Rotavirus infection is a common cause of diarrhea and a variety of vaccines are used to try to prevent it. The evidence for these is examined in the fourth update of a Cochrane Review, published in March 2019 and we asked Hanna Bergman one of the authors based in the Cochrane Response team in London UK to tell us about the problem and the latest findings.
Monaz: Hello, I'm Monaz Mehta, editor in the Cochrane Editorial and Methods department. Rotavirus infection is a common cause of diarrhea and a variety of vaccines are used to try to prevent it. The evidence for these is examined in the fourth update of a Cochrane Review, published in March 2019 and we asked Hanna Bergman one of the authors based in the Cochrane Response team in London UK to tell us about the problem and the latest findings.
Hanna: Rotavirus infection is common across the world and although some babies and young children might not develop any symptoms, others might get so ill that they need to go into hospital and some may die. Most of the deaths associated with rotavirus occur in children in low- and middle-income countries, particularly sub-Saharan Africa and the Indian subcontinent. Before children started being vaccinated, rotavirus infection caused almost half a million deaths per year in children under five.
Since 2009, the World Health Organization has recommended that a rotavirus vaccine be included in all national infant and child immunization programmes, and almost 100 countries currently do so. Therefore, we have updated this review in order to examine the latest evidence on both the benefits and the potential side effects of the rotavirus vaccines that have been prequalified by the WHO for preventing diarrhea and deaths in infants and young children. We also looked at whether the effects differ when the vaccines are used in countries with high or low mortality rates.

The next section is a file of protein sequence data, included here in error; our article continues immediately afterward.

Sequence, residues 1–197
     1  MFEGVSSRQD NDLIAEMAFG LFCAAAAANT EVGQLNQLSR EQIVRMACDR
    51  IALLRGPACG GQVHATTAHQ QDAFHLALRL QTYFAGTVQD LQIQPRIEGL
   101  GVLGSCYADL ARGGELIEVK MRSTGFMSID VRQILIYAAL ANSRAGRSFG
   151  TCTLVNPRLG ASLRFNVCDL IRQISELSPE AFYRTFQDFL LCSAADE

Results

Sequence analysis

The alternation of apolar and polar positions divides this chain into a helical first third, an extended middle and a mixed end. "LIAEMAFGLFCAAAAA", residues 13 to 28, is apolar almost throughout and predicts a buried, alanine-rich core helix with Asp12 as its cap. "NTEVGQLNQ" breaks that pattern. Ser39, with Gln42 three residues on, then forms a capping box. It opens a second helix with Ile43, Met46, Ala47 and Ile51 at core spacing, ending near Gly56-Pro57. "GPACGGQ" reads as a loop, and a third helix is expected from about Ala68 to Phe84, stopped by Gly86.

We included 55 randomized trials in more than 200,000 infants and young children that had compared one of the vaccines against a placebo or no vaccine. Two of the three vaccines tested, Rotarix and RotaTeq, have been studied in several large global clinical trials and are approved for use in many countries, On the other hand, the third vaccine, Rotavac has only been evaluated in India and is only in use there.
Pooling the trial results suggests that the total number of cases of severe rotavirus diarrhea were reduced by between 35 and 63% after vaccination in high mortality countries and by 82 to 92% after vaccination in low mortality countries, in the couple of years after vaccination. We also found a small reduction in diarrhea from any cause and a large reduction in rotavirus-related hospitalizations and healthcare encounters as a result of vaccination. We did not detect a reduction in mortality, but unlike the other outcomes I’ve mentioned, the evidence for this was of low to very low certainty because there were so few deaths in the trials.
Turning to the side effects, we didn’t find any increased risk of serious adverse events as a result of using the vaccines but we could not exclude the possibility of a small risk of rare serious adverse events. Like with previous rotavirus vaccines, monitoring for these events is ongoing in countries that have introduced rotavirus vaccine and we may have more to say about this in future updates of this review.
To finish and as the take home message, our review shows that Rotarix, RotaTeq and Rotavac do prevent rotavirus diarrhoea and have comparable safety and efficacy profiles.
Monaz: Thanks Hanna. If you would like to read more about these vaccines, and watch for the fifth update of this review if additional evidence becomes available, simply go online to cochrane library dot com and search ‘rotavirus vaccines’ for free access to the full review.